David Leatherbarrow
The MIT Press, Cambridge, MA, 1993, English
Nonfiction, Architecture
ISBN: 9780262132916

From the Publisher. On Weathering illustrates the complex nature of the architectural project by taking into account its temporality, linking technical problems of maintenance and decay with a focused consideration of their philosophical and ethical implications.

In a clear and direct account supplemented by many photographs commissioned for this book, Mostafavi and Leatherbarrow examine buildings and other projects from Alberti to Le Corbusier to show that the continual refinishing of the building by natural forces adds to, rather than detracts from, architectural meaning. Their central discovery, that weathering makes the "final" state of the construction necessarily indefinite, challenges the conventional notion of a building's completeness.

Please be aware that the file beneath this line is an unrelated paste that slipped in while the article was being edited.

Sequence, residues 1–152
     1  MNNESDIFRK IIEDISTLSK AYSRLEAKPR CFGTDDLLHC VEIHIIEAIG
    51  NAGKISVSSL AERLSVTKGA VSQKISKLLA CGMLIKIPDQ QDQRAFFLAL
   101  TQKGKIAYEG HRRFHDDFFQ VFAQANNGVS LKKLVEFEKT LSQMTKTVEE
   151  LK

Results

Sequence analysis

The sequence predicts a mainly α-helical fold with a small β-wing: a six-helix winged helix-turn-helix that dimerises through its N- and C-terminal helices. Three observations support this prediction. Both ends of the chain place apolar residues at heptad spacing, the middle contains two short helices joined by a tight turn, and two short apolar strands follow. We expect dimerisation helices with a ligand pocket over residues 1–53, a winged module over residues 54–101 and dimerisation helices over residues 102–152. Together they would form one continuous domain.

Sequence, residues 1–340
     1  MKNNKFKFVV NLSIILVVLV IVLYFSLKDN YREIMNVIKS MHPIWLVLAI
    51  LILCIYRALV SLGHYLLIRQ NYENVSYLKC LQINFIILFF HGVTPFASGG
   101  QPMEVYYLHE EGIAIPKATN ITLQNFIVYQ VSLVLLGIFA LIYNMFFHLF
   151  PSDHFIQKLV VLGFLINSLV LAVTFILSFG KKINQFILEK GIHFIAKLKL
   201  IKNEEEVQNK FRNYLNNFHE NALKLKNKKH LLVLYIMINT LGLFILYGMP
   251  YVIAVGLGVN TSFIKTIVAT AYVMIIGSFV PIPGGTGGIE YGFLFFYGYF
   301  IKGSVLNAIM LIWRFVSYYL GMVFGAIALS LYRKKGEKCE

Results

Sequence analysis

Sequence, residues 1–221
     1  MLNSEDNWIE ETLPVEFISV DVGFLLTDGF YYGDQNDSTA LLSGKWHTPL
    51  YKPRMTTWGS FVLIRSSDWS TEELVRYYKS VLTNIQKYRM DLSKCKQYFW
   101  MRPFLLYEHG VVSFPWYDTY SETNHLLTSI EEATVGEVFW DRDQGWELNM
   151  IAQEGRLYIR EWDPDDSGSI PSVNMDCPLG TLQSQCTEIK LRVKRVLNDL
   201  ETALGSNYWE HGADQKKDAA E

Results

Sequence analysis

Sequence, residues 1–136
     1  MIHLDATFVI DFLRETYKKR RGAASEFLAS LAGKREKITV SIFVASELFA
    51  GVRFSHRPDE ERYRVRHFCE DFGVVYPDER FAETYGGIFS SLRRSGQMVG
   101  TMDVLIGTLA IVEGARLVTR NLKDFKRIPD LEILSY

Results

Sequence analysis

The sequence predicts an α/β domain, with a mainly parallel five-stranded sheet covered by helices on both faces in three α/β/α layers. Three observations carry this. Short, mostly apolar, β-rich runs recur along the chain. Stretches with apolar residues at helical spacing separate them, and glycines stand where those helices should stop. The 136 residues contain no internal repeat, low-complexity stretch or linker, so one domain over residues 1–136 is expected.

By recognizing the inherent uncertainty and inevitability of weathering and by viewing the concept of weathering as a continuation of the building process rather than as a force antagonistic to it, the authors offer alternative readings of historical constructions and potential beginnings for new architectural projects.

On 2 book lists
Barry Bergdoll

Leatherbarrow is another writer whose value system I share, so I am always delighted to follow him to new territories, new examples, and new insights. It would be a great desert island vacation to match this book with Ruskin’s Stones of Venice.

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